Green Day’s “American Idiot” Favorite 



Sep 21 2004



Mass media using propaganda to brainwash citizens. Confusion and ignorance causing a divide. People rising up against an oppressive government. Humans being torn between rage and love. These are the themes of Green Day’s widely successful 2004 album, “American Idiot.” These themes still sound familiar. Nearly two decades later, the world, especially the United States, faces these same issues. Xenophobia, hopelessness, and being utterly hypnotized by the media are concepts that are emphasized throughout the album. Analyzing the songs through a 2020 lens is frightening – not much has changed. A country known to house “the American dream” has remained stagnant.

“American Idiot” was written and released during George W. Bush’s presidency, a time laced with fear post 9/11. In the title song “American Idiot,” Green Day sings about war propaganda and how America is “one nation controlled by the media, Information Age of hysteria.” Even in the early 2000s, opinion was greatly influenced by the various media floating through American’s democracy.

During the 2020 U.S. election, it was more evident than ever that the nation is vastly divided. Each political party is finding it increasingly difficult to find common ground. This polarization is amplified through split media. Today, we see left-leaning media negatively portray the Trump administration and Republicans. Right-leaning media negatively portrays Democrats and will likely continue doing so with Joe Biden’s new administration.

In recent years, journalism has been attacked more than ever and is accused of being biased and fake. Green Day sings, “I’m not a part of the redneck agenda, now everybody do the propaganda and sing along to the age of paranoia.” This frenzy media oversaturation caused and still causes confusion and delusions. It almost acts in a hypnotic way, further leading to polarization.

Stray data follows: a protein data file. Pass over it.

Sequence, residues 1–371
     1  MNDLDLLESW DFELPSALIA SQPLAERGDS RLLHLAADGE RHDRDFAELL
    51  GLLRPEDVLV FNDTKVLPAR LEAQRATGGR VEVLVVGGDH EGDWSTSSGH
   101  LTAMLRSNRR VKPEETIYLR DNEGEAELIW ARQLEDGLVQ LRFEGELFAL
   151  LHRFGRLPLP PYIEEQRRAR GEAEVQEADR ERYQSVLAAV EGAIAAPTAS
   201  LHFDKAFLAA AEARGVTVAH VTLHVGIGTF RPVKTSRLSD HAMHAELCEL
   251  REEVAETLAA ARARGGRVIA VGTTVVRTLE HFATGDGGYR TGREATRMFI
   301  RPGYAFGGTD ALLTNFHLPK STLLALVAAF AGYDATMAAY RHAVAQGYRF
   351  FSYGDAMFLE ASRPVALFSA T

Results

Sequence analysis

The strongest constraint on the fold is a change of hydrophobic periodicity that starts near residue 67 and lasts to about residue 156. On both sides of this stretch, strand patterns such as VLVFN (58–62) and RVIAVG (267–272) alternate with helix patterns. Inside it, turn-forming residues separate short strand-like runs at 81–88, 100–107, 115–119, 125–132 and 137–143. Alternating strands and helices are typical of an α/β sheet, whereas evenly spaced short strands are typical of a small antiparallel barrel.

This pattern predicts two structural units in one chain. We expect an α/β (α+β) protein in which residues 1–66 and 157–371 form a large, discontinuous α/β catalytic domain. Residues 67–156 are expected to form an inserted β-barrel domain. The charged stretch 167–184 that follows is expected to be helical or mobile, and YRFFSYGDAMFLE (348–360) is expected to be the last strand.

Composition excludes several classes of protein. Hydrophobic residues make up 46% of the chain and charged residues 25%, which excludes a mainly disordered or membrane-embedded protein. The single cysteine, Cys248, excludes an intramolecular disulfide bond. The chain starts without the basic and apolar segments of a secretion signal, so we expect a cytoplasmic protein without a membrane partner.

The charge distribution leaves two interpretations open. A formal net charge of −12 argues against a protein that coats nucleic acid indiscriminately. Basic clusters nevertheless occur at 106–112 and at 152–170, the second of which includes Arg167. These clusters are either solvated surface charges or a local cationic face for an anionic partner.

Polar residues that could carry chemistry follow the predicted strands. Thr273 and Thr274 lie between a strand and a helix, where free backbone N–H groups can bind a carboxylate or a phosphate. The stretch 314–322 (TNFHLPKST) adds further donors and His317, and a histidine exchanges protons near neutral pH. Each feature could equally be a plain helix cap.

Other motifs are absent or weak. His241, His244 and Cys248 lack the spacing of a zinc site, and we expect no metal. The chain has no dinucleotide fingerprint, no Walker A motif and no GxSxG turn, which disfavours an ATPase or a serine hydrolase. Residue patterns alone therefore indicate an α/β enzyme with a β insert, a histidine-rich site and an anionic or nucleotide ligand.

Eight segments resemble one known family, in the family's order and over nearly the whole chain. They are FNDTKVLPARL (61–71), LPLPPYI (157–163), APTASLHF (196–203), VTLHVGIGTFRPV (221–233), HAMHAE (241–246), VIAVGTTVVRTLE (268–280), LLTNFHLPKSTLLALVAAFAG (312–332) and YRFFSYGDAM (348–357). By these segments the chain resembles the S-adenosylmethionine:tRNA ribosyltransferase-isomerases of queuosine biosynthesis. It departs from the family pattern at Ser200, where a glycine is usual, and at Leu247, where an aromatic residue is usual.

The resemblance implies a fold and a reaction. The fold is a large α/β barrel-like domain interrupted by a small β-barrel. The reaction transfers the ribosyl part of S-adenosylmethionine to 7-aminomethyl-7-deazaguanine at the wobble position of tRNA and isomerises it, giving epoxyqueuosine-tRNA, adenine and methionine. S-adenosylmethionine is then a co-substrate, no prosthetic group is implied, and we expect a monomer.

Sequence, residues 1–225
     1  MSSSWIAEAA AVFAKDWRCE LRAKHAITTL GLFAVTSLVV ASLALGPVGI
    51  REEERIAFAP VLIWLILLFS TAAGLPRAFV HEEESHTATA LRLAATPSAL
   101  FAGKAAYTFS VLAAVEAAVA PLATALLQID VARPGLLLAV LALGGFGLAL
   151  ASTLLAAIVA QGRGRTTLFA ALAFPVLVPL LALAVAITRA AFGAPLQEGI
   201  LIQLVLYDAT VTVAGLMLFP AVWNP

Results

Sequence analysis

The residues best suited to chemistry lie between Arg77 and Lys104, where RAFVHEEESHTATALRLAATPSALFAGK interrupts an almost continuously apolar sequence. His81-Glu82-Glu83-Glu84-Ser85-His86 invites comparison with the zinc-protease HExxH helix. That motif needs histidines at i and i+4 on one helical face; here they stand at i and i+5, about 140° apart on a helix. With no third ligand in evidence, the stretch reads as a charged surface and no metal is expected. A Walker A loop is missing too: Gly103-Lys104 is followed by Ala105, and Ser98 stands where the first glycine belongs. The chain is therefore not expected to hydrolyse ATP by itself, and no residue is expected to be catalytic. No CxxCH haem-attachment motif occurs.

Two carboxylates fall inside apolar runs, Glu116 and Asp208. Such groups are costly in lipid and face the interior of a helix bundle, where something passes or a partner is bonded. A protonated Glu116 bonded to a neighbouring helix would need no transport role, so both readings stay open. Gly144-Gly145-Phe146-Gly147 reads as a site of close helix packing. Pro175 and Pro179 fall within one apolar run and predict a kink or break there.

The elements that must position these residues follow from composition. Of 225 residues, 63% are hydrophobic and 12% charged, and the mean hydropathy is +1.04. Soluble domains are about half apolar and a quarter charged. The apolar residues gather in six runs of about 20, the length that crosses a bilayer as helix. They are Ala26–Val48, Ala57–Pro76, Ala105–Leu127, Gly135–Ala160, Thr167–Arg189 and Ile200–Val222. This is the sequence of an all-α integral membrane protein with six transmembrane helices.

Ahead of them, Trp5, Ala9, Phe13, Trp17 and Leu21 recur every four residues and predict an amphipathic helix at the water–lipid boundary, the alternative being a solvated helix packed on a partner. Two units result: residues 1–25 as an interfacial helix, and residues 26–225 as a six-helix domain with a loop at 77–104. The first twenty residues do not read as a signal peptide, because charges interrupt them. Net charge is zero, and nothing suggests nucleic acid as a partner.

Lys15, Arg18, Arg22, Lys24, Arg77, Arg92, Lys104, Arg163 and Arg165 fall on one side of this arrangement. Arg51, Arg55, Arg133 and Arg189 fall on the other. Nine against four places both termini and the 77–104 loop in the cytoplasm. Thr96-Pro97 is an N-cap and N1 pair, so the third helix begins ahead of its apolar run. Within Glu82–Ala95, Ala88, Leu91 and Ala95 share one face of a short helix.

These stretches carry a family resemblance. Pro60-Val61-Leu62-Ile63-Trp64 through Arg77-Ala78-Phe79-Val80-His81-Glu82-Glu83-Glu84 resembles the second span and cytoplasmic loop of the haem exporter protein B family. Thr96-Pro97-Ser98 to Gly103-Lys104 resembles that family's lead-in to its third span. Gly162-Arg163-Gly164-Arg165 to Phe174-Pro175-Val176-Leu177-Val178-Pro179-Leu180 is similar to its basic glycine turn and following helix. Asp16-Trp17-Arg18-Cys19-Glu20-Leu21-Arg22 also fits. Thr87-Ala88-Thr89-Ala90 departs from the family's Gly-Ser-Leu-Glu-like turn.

In “Holiday,” another popular politically-charged track, the band writes about how protestors and the people on “the good side of the fence” can never win because they do not possess the money that pro-war corporations do. They mock right-wing Christians who use religion to justify war and other misfortunes: “Can I get another Amen, there’s a flag wrapped around a score of men.” While the album heavily discusses the media’s negative implication for creating a divide and spreading bigotry in the nation, it also deals with how the political administration itself spreads fear, hate, and anger. There is a constant political justification of why administrations have certain laws. Throughout the years, we have seen how groups of people have been impacted by a regime that continues to justify corrupt practices in the name of patriotism. How far does patriotism take someone, when even veterans of the country have lost so much? “Holiday” and the “American Idiot” were written as a response to Bush’s America, but the messages can still be applied to how we see the nation today. As long as there is a thought divide and a fundamental governance issue, people will be treated unfairly.